Back in the late 80s, I did a consulting gig with the United Nations Capital Fund in (then Communist, Soviet Union ally) South Yemen. I was the first American to visit the country in 10 years. I called our State Department to inquire about getting a visa and was told “We don’t talk to them, and they don’t talk to us. If you go there, you’re on you’re own.”
Yemen is a desert, beautiful country with dramatic canyons and brick homes built at the base of steep cliffs with overhanging rocks which to me expressed the deep fatalism and trust in Allah of it’s inhabitants. They had a tribal justice system in the rural villages that worked for everything from squabbles over chickens to life-giving water distribution rights. I saw both at work there when we visited a small village in Hydraumat. We stood in the doorway of a government building, watching as a man handsome as Omar Sharif listened to two men take turns pleading their cases for what we knew what. Omar listened to them, a combination of boredom and annoyance on his features, until he suddenly saw the three foreign visitors in the doorway, which he knew meant something important was going down, possibly a development project. He made a sweeping motion with his hand as if brushing away flies and the two altercators quickly decamped.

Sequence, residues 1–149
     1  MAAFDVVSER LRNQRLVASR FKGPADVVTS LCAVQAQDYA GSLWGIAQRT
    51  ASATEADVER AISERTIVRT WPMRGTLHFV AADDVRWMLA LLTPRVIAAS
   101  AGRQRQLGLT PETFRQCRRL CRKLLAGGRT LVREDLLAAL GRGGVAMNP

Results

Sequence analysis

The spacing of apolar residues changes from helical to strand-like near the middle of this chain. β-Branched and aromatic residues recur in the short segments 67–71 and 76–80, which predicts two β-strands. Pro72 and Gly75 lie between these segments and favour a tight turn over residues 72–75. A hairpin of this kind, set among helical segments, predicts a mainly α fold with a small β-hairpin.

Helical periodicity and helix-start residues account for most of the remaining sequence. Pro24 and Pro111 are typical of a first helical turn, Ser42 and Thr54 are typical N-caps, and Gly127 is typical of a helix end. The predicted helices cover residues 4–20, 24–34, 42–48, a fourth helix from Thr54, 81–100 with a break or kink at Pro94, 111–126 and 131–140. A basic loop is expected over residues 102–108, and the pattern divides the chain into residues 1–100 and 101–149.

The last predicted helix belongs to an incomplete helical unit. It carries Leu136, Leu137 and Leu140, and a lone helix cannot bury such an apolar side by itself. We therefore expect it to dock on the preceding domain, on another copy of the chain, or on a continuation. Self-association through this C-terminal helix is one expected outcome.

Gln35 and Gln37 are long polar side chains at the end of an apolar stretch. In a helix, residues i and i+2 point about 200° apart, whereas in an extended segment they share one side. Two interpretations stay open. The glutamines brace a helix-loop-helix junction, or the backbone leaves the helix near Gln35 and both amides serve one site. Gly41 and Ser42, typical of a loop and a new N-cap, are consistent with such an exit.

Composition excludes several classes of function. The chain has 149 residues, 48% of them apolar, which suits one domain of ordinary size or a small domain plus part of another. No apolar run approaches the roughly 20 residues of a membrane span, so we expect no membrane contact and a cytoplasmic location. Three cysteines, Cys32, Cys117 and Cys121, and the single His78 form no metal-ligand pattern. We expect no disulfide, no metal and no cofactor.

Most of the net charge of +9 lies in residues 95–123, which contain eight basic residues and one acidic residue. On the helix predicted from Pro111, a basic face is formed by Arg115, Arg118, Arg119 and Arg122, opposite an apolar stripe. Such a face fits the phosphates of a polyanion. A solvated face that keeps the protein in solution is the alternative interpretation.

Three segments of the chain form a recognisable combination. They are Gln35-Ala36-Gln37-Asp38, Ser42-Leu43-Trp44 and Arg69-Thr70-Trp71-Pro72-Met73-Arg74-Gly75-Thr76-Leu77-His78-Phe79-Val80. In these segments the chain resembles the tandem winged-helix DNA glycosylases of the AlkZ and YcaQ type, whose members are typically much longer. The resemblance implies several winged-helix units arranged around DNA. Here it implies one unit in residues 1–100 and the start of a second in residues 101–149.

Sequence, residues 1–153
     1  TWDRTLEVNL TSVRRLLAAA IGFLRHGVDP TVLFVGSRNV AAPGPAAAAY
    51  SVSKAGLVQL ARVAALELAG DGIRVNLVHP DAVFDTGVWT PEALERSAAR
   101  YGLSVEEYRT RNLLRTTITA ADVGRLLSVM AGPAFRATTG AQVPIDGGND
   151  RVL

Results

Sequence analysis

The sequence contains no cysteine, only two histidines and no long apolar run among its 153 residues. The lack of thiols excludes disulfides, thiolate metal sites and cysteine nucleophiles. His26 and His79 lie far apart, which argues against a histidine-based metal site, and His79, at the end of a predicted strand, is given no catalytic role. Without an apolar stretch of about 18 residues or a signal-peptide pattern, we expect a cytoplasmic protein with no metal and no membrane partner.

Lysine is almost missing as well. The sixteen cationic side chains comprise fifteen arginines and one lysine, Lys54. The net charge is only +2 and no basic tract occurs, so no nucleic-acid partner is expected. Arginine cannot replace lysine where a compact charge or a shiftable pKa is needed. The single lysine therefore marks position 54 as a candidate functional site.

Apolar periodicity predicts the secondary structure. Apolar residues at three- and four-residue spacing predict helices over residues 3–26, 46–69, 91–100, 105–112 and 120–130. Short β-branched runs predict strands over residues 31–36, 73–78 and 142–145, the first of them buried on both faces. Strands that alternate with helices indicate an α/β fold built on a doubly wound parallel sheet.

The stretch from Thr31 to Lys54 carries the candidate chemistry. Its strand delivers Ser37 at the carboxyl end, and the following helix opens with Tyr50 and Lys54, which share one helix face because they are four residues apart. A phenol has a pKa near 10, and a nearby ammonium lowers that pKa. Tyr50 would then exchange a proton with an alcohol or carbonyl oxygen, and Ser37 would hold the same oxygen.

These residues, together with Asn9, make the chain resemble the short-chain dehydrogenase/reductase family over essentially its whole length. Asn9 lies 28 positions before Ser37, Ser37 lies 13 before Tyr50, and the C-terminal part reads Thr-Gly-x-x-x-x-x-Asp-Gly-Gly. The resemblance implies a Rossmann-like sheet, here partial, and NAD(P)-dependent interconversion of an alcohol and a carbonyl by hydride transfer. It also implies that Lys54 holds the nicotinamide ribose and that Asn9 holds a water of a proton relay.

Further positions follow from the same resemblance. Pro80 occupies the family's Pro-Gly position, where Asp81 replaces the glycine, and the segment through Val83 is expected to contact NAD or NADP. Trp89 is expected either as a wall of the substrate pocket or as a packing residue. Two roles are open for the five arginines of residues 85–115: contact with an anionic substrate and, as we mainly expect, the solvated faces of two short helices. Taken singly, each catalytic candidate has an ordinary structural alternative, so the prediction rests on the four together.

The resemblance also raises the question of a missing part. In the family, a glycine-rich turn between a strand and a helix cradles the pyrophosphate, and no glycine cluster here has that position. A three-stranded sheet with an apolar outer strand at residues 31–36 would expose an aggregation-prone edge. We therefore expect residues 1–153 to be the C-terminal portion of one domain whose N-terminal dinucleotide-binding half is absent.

Later, Omar took us to see the water distribution system, and how he collected taxes for the water use. It amounted to a sheet of paper, onto which he had recorded how many liters of water each family in the village had consumed, and how much they paid for it.
Today, due to the rebellion, there is no diesel fuel for the water pumps. In a matter of days, cities like Sana will run out of water.
Yemen is a desert.